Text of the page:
The dollar extended gains against the euro and most other major counterparts today after U.S. data showed new claims for unemployment benefits fell last week more than predicted.
Initial jobless claims dropped by 1,000 to a seasonally adjusted 404,000, beating expectations of a rise to 405,000.
This suggest fewer layoffs of American workers, which is somewhat reassuring despite slow growth in the United States.
The data today adds to recent non-farm payroll data that showed an increase of 103,000 jobs in September from 57,000 the prior month.
Meanwhile, a separate report from the Commerce Department showed the U.S. trade deficit narrowed to $45.61 billion in August from $45.63 billion in July, beating expectations for the trade gap to widen to $45.8 billion.
The trade report also showed that the U.S. trade gap with China widened to a record high as imports hit an all-time high of $37.4 billion. The U.S. Congress has been considering legislation to penalize China for its trade and currency practices, and argue that China is manipulating its currency and deliberately not allowing it to appreciate.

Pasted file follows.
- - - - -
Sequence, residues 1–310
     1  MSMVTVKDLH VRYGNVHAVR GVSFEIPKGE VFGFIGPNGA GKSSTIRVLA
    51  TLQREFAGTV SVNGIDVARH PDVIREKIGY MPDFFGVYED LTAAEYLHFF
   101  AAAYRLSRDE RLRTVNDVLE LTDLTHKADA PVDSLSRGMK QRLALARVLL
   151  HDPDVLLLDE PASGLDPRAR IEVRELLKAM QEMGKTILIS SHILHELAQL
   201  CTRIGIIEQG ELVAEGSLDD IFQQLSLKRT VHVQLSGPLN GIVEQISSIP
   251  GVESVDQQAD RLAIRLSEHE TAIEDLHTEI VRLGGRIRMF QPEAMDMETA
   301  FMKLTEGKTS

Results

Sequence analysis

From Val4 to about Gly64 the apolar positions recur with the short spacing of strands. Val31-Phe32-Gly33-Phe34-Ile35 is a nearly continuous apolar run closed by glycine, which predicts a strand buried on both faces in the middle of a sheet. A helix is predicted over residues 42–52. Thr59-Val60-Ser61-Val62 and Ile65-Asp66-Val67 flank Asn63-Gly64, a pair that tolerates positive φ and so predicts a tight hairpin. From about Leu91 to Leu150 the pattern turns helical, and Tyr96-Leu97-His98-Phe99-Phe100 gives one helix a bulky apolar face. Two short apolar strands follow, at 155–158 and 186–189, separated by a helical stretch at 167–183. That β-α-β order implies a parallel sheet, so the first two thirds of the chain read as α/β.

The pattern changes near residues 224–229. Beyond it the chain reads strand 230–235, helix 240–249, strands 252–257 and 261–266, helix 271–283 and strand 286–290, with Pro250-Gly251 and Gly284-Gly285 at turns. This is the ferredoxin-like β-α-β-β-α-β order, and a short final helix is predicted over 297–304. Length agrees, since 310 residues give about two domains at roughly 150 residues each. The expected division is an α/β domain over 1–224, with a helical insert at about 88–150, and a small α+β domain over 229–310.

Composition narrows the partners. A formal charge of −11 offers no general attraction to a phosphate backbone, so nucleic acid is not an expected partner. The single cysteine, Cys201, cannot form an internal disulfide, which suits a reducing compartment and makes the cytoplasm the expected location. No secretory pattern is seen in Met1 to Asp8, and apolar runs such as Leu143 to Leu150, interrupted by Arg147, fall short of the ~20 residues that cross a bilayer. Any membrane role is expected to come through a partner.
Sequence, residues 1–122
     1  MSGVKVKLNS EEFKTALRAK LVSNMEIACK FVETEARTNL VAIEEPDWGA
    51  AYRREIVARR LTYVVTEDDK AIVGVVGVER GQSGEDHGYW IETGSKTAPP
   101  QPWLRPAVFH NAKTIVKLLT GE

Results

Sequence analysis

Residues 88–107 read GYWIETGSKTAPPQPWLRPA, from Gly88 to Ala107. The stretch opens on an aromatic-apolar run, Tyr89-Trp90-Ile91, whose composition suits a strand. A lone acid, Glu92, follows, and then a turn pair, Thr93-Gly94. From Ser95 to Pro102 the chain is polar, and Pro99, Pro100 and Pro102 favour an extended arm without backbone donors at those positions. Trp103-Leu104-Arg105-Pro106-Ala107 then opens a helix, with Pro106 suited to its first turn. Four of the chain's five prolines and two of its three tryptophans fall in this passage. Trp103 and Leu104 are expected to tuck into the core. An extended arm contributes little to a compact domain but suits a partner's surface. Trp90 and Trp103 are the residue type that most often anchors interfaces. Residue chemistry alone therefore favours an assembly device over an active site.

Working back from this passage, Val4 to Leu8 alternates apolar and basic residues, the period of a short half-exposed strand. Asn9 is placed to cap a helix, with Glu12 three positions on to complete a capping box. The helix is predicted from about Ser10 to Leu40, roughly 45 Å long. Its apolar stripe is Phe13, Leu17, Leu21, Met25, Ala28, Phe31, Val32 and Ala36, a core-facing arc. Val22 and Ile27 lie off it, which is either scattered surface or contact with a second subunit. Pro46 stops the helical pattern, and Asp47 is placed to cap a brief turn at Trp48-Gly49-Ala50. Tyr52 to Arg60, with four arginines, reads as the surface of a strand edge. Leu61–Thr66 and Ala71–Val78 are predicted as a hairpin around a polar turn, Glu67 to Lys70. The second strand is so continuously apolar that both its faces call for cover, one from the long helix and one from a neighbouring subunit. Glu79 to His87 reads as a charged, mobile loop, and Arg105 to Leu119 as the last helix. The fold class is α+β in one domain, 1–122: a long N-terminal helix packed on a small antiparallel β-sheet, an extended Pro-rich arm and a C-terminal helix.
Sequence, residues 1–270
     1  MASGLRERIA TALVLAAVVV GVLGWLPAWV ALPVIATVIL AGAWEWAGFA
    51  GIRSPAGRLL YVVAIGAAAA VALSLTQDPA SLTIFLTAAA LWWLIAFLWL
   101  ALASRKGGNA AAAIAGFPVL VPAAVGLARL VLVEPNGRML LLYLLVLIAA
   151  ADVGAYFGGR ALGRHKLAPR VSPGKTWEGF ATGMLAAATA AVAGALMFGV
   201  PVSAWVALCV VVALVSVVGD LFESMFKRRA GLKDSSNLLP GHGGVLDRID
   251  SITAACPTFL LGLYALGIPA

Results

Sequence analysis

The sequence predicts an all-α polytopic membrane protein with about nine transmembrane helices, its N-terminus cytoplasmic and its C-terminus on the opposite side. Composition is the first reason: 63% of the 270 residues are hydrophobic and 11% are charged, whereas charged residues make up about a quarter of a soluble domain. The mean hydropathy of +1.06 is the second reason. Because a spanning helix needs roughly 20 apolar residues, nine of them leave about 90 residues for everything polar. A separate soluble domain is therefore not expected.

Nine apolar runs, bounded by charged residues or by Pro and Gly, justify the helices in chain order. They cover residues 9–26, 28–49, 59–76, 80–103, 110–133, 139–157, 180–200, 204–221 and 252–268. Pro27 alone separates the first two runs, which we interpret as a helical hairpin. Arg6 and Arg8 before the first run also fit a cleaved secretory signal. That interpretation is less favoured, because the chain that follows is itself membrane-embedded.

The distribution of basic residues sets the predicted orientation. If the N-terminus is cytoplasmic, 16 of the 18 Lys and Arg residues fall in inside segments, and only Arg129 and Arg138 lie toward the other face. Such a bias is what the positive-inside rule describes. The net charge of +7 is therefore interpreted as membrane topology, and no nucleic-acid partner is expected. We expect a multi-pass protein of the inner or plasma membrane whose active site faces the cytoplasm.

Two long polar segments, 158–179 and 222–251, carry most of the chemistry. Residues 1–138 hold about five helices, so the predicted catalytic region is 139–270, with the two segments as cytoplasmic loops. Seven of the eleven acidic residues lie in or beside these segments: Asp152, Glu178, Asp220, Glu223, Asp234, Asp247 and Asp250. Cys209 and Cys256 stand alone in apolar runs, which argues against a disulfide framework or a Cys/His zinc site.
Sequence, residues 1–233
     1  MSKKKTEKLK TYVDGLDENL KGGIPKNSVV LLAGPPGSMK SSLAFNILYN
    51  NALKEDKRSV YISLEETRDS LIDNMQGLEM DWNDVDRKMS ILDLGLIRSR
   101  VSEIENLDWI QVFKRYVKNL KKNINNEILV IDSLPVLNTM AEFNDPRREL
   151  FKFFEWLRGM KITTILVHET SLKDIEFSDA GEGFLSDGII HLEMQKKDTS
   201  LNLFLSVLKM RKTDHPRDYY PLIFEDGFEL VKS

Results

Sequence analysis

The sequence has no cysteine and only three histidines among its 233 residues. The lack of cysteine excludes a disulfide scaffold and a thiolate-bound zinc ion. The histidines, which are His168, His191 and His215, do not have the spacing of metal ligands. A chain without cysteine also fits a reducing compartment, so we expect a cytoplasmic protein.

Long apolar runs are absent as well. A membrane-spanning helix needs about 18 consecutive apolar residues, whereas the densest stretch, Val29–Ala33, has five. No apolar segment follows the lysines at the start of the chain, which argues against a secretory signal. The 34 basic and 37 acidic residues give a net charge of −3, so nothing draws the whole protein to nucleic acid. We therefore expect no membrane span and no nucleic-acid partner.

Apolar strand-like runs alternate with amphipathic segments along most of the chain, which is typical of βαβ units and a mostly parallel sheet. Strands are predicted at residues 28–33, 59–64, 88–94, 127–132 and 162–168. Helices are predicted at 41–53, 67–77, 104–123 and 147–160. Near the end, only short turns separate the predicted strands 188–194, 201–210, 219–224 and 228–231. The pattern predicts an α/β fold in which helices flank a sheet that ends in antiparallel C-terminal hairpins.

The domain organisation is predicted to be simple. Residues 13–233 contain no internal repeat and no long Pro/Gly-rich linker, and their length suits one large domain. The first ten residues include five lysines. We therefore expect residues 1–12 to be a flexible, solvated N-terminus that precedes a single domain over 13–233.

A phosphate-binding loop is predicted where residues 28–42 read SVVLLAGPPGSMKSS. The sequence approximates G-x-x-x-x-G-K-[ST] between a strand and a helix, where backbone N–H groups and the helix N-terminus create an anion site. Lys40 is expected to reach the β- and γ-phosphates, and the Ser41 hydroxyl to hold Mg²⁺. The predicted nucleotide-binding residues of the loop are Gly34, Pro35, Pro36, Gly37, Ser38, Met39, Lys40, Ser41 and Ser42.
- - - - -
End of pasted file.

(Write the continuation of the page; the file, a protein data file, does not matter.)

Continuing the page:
On Tuesday , the U.S. Senate approved a bill aimed at forcing China to push the Chinese currency higher against the dollar, which supporters argue would reduce a U.S. trade deficit with China of more than $250 billion. The bill now has to pass through the House of Representatives.
The vote on Tuesday “has put the Chinese on notice: ‘Stop your cheating that is costing our country jobs, or you will face the consequences,’” said Democratic Senator Charles Schumer, one of the bill’s co-sponsors.